Sharp Dressed Men
Saluting Those Who Upped the Dress Code on the Silver Screen
It's been 30 years since ZZ Top's classic hit, but everyone is still "crazy 'bout a sharp dressed man." Whether it's silk suits, black ties, gold watches, diamond rings, cuff links or stick pins, we've seen it all in the Warner Bros. movie library over the past 90 years. Here's just a few of the Sharp Dressed Men who have upped the dress code on the Silver Screen and be sure to share your favs as subtle fashionista advice to the man in your life.... couldn't hurt!
Added by popular demand! On the subject of style Cary Grant wrote in the the Winter 1967/68 edition of GQ, "...simplicity, to me, has always been the essence of good taste." Here he showcases his easygoing elegance in this publicity photo for The Philadelphia Story (1940).
Grace and athleticism leaping through the air in a tuxedo! Fred Astaire always looked simply impeccable on-screen and off, as seen here in the role of Don Hewes from Easter Parade (1948), which was the highest-grossing musical of the year.
From director Clint Eastwood comes the big-screen version of the Broadway hit, Jersey Boys! Here John Lloyd Young stars as Frankie Valli. Frankie may be best known for his unique falsetto but his on-stage fashion sense hit a high note as well.
Speaking of Mr. Eastwood... Many may know him as Dirty Harry but not many men could have looked so good while dealing with such bads guys -- punks and all -- as Clint did portraying Inspector Harry Callahan in five films.
One of the baddest guys on film but sartorially the most intriguing? The Joker. He wore bespoke suits and played with patterns and textures and bold colors. The makeup was maybe a bit much.
Often imitated, never duplicated. Humphrey Bogart is the quintessential gentleman of Hollywood's Golden Age. Best known for his trench coat and fedora, he cut just as striking a figure in a tux in this publicity shot for Casablanca.
Atta'boy, Gatsby. Catherine Martin won an Oscar for best achievement in costume design for The Great Gatsby. Collaborating with Brooks Brothers and Prada, how could she lose?
Looking quite "Gatsby-like" himself, Clark Gable poses with a custom built Jensen during the production of Parnell in 1937. Even then, your wheels were everything.
A sharp dressed man can give you the shirt off his back and STILL look good! Antonio Banderas as Nestor Castillo and Armand Assante as Cesar Castillo in 1992's The Mambo Kings.
Desi Arnaz fills up the tank to his motor home while wearing a suit and tie (doesn't everyone?) in this still from The Long, Long Trailer. He was later portrayed by his son, Desi Arnaz Jr., in The Mambo Kings.
Life in a turn-of-the-century western mining town was harsh and unforgiving. In Robert Altman's McCabe & Mrs. Miller, Warren Beatty manages to make harsh and unforgiving look good.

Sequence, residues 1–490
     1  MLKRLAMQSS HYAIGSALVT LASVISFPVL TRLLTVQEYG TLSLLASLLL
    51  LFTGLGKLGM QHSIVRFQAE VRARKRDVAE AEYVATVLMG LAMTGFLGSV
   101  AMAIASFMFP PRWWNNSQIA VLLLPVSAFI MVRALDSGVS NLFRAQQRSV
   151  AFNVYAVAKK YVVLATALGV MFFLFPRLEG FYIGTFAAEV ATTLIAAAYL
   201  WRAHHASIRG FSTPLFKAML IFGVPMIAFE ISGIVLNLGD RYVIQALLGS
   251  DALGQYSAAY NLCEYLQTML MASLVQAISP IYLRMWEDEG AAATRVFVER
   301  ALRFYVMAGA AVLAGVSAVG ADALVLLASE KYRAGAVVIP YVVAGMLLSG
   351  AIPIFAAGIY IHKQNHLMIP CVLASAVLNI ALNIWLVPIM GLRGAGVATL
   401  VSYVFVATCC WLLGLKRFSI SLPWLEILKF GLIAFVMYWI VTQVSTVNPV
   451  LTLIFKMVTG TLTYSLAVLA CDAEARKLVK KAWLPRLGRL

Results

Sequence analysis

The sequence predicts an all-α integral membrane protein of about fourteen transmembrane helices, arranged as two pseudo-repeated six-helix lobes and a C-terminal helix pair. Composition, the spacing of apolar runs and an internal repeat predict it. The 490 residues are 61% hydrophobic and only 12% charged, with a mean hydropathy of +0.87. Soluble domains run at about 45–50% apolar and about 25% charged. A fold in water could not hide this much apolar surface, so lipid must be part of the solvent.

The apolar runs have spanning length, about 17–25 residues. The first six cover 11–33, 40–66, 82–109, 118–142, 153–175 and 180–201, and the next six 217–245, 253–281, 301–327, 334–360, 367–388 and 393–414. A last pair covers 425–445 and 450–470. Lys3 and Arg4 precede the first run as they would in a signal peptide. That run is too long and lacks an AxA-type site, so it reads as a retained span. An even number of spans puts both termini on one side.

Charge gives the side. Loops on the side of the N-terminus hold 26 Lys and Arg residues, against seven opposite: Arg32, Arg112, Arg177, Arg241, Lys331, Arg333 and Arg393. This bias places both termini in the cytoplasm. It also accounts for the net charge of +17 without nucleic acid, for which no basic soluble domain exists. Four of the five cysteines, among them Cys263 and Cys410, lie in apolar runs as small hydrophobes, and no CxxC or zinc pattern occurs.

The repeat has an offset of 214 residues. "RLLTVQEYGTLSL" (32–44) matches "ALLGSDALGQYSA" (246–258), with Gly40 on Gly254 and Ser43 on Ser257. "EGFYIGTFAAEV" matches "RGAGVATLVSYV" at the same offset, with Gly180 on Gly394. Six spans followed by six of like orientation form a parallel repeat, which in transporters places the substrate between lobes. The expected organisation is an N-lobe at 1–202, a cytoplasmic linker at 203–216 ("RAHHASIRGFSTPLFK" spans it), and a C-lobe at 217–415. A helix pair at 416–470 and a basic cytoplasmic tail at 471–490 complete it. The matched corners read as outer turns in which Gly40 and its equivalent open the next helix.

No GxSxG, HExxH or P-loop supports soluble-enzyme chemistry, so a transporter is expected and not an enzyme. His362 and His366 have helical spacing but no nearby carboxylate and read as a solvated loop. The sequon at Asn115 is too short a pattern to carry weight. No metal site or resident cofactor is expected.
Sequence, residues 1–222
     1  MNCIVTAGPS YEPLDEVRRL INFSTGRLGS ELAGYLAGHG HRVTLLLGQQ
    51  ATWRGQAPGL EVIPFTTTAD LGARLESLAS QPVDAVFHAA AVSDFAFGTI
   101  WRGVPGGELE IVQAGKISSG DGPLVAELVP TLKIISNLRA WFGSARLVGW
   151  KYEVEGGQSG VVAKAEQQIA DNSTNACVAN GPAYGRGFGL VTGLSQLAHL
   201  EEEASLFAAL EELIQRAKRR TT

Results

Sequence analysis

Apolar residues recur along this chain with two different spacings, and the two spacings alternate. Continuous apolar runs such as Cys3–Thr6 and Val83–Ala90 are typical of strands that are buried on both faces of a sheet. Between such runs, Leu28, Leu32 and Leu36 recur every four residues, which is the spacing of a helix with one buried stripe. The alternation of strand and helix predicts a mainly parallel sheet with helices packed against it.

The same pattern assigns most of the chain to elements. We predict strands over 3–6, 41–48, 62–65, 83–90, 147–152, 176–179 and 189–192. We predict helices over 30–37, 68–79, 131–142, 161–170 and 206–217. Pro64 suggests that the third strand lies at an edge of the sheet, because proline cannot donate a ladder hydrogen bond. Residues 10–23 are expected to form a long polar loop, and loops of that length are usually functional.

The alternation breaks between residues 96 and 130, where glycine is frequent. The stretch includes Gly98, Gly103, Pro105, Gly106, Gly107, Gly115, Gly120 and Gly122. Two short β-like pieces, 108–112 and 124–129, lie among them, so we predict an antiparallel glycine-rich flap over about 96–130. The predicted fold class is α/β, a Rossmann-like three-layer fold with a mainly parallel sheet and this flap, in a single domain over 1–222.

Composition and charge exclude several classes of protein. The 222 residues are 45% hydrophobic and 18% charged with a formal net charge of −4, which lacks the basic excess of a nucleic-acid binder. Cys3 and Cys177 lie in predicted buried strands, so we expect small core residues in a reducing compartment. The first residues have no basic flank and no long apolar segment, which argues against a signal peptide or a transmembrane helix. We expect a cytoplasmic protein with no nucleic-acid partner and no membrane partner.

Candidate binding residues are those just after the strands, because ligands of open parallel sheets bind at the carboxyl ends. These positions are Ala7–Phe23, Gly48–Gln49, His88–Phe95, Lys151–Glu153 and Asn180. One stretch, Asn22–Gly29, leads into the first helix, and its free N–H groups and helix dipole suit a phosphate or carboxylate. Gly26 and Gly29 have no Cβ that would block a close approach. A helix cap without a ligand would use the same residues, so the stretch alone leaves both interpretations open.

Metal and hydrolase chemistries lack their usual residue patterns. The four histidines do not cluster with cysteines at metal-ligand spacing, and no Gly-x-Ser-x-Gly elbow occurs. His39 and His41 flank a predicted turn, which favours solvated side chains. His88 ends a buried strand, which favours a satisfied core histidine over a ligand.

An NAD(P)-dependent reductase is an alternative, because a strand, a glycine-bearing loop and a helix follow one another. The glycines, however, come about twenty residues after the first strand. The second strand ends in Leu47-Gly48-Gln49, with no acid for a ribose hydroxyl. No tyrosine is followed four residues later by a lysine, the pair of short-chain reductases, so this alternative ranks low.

While the late '70s and early '80s may not have been our best moment stylistically, cowboy boots and jeans are timeless. Ben Affleck and Alan Arkin pictured in the retro fashion era of Argo, winner of three Academy Awards including "Best Picture."
A sharp dressed man's best accessory? A chin dimple (and some pomade), as demonstrated by Robert Mitchum in 1944's film noir masterpiece, Betrayed.
John Shaft (Richard Roundtree) is looking like a bad mother in a velvet and satin tux in this publicity photo from the 1971 box-office hit, Shaft.
Cutting quite the figure in a glen plaid three-piece suit, James Cagney, perhaps best remembered as the classic Hollywood gangster, played federal agent James "Brick" Davis in the 1931 classic, G Men.
Proving that those three-piece suits never go out of style, Ken Watanabe starred in Inception nearly 80 years later in something strikingly similar.
Not sure if Ryan Gosling is taking pointers from the mannequin or the mannequin is taking pointers from Ryan Gosling. Either way, it works.
Bing Crosby and Louis Armstrong look every bit the title of their 1954 film, High Society, which co-starred another sharp-dressed legend, Frank Sinatra.... but we'll get to him later.
Masked Watchmen vigilante Rorschach is best known for his trenchcoat, matching fedora and, of course, ink blot mask. Scary dark alley is optional.
A dog, a football, the beach, those chinos. Robert Redford looks positively presidential, or at least senatorial, in this shot from The Candidate in 1972.
He made a pair of jeans, a white t-shirt and a red zip-up into one of the most iconic looks of the 1950s, and has never really gone out of style. Simply put: James Dean in Rebel Without a Cause.
Don't forget that good underwear is just as important as good outerwear! Paul Newman certainly didn't in 1966's hit, Harper.
One of Hollywood's most iconic figures, John Wayne was long a fashion statement when it came to big screen cowboys, including this colorful outfit from 1970's Chisum.
And always remember to try and keep your fashion sense age-appropriate. Zac Efron (as Matthew Perry) struggled with that in 17 Again from 2009.
And then there's the granddaddies of style: the Rat Pack. Frank Sinatra, Dean Martin, Sammy Davis Jr., Peter Lawford and Joey Bishop pose outside the Sands Hotel and Casino during production of 1960's Ocean's 11.
And we can't forget Emmet, the Lego-constructed star of this year's blockbuster hit, who proved that you don't have to be a member of the Village People to pull off the sexy construction worker look.
But at the end of the day doesn't it all just come down to this? Edward G. Robinson, back in 1948, as Johnny Rocco in Key Largo.